Insurance Policy and Claims Clerks
On the Job
Insurance policy and claims clerks process new and existing policies and record claims.
Turning 16 usually means more than just a "Sweet Sixteen" birthday party. It means every parent's nightmare: the driver's license. While the birthday boy or girl is practicing parallel parking in the street, Mom or Dad is on the phone with the insurance company.
"I need to add another driver to my policy," gulps the parent, watching the car jerk in reverse, coming awfully close to the telephone pole. "By the way, how much would it be to add extra coverage?"
This is just one scenario that insurance policy and claims clerks handle.Most insurance policy and claims clerks work for insurance agents or large insurance companies. Clerks who work in large companies review applications and process new policies. They contact agents or customers to get missing information and to make sure information is correct. They may also contact them about the status of policies. When policies are approved, clerks prepare the required documents. They also calculate premiums, using rate standards. Most of this processing and calculating is done on a computer.
Insurance clerks also update and reinstate existing policies. They process changes, such as for the amount of coverage. Then they calculate new premiums or adjustments. They may also compile reports for managers.
Insurance clerks who work for insurance agents have more contact with customers. They take calls and answer questions. They take payments, give receipts, process changes, and submit applications for new policies to insurance carriers. They also obtain information about claims.
Some insurance clerks work mostly with claims. They obtain the necessary information, such as the details of an accident. Clerks often do this by telephone and enter the data into a computer. When information is missing, they may contact the insured or other involved persons. Once claims are complete, clerks transmit them to claims representatives. Claims clerks may also assist customers in other ways. For example, they may direct customers to auto repair shops.
The following list of occupational tasks is specific to this career.
- Review applications and process new policies. Enter data into computer.
- Contact policyholders or agents to get information or inform them of the status of policies.
- Prepare and submit required forms and documents.
- Calculate premiums, refunds, adjustments, and claims. Use rate standards or computer software.
- Update existing policies. Process changes and reinstatements.
- Compile reports for management.
- Take calls from customers, answer questions, and give assistance.
- Obtain information about claims from policyholders and enter it into a computer.
- Transmit claims for payment or further investigation. Pay small claims.
- Collect payment and submit receipts.
People in this career perform the following list of tasks, but the tasks are common to many occupations.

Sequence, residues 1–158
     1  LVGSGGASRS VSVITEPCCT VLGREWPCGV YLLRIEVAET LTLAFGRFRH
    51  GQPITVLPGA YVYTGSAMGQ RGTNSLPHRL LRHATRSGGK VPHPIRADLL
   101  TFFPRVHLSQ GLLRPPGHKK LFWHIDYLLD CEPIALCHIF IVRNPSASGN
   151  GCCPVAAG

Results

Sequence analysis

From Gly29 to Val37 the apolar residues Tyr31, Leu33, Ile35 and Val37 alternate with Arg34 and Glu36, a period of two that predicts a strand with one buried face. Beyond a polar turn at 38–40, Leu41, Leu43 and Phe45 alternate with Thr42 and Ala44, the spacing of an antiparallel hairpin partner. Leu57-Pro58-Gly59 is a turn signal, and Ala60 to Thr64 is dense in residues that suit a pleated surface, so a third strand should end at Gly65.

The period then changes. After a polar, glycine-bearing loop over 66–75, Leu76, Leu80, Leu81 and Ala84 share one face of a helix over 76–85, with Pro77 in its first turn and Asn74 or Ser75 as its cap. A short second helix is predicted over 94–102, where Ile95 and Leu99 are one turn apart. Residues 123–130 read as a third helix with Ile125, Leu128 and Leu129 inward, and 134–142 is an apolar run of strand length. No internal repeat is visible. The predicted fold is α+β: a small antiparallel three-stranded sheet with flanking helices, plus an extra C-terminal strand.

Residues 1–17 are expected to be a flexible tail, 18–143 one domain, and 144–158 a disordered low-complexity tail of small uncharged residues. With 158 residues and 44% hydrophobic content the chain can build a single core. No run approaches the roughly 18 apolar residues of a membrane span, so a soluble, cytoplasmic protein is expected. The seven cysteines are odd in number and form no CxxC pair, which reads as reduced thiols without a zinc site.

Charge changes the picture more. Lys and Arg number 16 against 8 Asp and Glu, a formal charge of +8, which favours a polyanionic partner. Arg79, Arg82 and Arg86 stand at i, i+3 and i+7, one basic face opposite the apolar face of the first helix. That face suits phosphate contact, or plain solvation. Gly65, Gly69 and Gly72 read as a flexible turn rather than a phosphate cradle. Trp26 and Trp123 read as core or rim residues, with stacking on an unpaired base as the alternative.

- Get information needed to do the job.
- Use computers.
- Communicate with supervisors, peers, or subordinates.
- Evaluate information against standards.
- Organize, plan, and prioritize work.
- Process information.
- Establish and maintain relationships.
- Make decisions and solve problems.
- Update and use job-related knowledge.
- Document and record information.
- Perform administrative tasks.
- Communicate with people from outside the organization.
- Identify objects, actions, and events.
- Work with the public.
- Analyze data or information.
In a typical work setting, people in this career:
- Have a high level of social contact. They often work closely with customers.
- Communicate by phone, e-mail, letters, memos, and in person on a daily basis
- May, on rare occasions, be placed in conflict situations where they must deal with unpleasant or angry customers.
- May work as part of a team.
- Nearly always work indoors.
- May share office space with others.
- Must be very exact in their work and be sure all details are done. Errors could cause customers to have less insurance than they need.
- Repeat the same physical activities, such as entering data into a computer.
- Make some decisions independently that affect customers making claims. They often seek counsel from supervisors, though.
- Must meet weekly deadlines.
- May work part time or full time as a policy processing clerk. Generally work full time as a claims clerk.
- May work evenings and weekends, especially claims clerks.
- Schedules are typically regular and established.
Physical Work Conditions
In a typical work setting, people in this career:
- Sit for long periods of time.
- Repeat the same movements.
- Understand the speech of another person.
- Speak clearly so listeners can understand.
- See details of objects that are less than a few feet away.
- Use fingers to grasp, move, or assemble very small objects.
- Focus on one source of sound and ignore others.
- See details of objects that are more than a few feet away.
People in this career frequently:
It is important for people in this career to be able to:
It is not as important, but still necessary, for people in this career to be able to:
Source: Minnesota Department of Education.